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[英伦广角] 【整理】2013-11-02 英国能源巨头大幅提高天然气价格和电价

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It may prove to be a moment of revelation. These big six power companies have been called before parliament to shed some light on rising customer bills. The regulator OFGEM says gas may not be rising as fast as they claim.

“They do have to pay these green levies for government policy reasons. They are going up dramatically, and also the transmission and distribution cists are going up dramatically. Wholesale costs no, but other costs yes. Unfortunately, one of the main reasons is that because in a free market, because they all report to the stock market, they must make more profit year on year to keep the bosses in the jobs.”

British Gas, SSE, Scottish Power and Npower have raised household bills by an average of 9.1% for this winter. They all say mounting wholesale costs are to blame. But OFGEM data show these prices have only gotten up by 1.7% over the past year, and that should add only 10 pounds to each bill.

“MPs want energy bosses to justify these recent winter price hikes, but also to detail the difference in their pricing plans, and to explain how profits can be makde more transparent in the future. Executives have been called to appear before commodity here tomorrow.”

“It’s a global market at the end of the day, and something as far removed as the Fukushima disaster has a big impact on the UK gas prices. Japan has shut down nuclear reactors. They are more dependant on gas than ever, and they are willing to pay for it. So in a global market, the UK needs to compete, and those prices have reflected that.”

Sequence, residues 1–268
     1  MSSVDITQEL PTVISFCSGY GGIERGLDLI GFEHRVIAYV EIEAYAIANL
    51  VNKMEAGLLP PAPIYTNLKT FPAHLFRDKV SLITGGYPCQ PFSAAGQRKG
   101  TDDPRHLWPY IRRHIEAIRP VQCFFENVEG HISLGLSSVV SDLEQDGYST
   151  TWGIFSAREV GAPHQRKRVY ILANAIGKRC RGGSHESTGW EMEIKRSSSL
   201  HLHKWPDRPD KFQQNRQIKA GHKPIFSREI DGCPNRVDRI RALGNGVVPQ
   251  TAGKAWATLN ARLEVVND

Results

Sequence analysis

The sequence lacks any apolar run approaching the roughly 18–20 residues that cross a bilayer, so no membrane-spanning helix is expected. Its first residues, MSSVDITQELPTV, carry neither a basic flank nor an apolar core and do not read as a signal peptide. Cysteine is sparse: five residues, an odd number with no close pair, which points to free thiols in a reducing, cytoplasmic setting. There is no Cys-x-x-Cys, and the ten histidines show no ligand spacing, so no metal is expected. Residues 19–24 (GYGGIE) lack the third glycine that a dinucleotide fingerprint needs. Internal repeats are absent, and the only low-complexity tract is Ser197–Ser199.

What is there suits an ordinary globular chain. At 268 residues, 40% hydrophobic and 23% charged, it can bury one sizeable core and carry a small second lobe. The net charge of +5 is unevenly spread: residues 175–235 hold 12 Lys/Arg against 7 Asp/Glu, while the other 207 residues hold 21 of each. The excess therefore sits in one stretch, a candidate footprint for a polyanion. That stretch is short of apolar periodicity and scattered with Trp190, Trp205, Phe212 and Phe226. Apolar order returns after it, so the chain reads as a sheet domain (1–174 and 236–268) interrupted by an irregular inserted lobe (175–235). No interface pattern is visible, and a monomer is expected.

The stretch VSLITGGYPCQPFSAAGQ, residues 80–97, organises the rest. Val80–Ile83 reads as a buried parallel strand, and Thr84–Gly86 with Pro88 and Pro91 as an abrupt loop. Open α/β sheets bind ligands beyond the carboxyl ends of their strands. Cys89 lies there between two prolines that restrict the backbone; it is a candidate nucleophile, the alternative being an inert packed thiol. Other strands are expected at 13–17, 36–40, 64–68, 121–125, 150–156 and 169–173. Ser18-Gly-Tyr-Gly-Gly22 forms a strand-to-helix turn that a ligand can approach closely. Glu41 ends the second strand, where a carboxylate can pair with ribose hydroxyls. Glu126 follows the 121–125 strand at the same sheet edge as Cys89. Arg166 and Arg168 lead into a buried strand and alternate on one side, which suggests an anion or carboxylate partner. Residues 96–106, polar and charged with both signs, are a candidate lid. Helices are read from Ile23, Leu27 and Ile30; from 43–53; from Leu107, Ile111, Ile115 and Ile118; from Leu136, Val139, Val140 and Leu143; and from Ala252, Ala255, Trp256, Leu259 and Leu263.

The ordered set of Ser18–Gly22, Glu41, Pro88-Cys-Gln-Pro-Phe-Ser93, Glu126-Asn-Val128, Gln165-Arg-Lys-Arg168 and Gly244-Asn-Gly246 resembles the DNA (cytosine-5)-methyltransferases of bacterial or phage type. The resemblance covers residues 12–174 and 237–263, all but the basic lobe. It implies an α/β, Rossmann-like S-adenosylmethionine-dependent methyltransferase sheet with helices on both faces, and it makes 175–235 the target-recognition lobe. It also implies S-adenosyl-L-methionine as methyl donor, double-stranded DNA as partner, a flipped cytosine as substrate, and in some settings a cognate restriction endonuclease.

Yet here at home, smaller firms like the Co-Up have kept hikes in check. Unlike the big six, they are absorbing the cost of wholesale market moves themselves.

Their duty is to their shareholders first and foremost and to return profits of their shareholders out duty and running this business is to our customers because they are the people that own our business. And that’s the fundamental difference.”

But one after the other, the big power firms all listed the same reasons for hiking rates. Green levies, infrastructure investment and the cost of wholesale fuel. Now increasingly, that equation doesn’t seem to add up. What’s clear is a lack of transparency on how energy firms make all their money has left customers in the dark for too long.

Poppy Trowbridge, Sky News.
HW
It may prove to be a moment of revelation. These big six power companies have been called before parliament to shed some light on rising customer bills. The regulator Ofgem says gas may not be rising as fast as they claim.

They do have to pay these green levies. And for government policy reasons, they are going up dramatically. And also the transmission and distribution cost are going up dramatically. Wholesale cost, no, but other cost, yes. And unfortunately, one of the main reasons is that because we are in a free market, because they all report to stock market, they must make more profit year on year to keep the bosses in their jobs.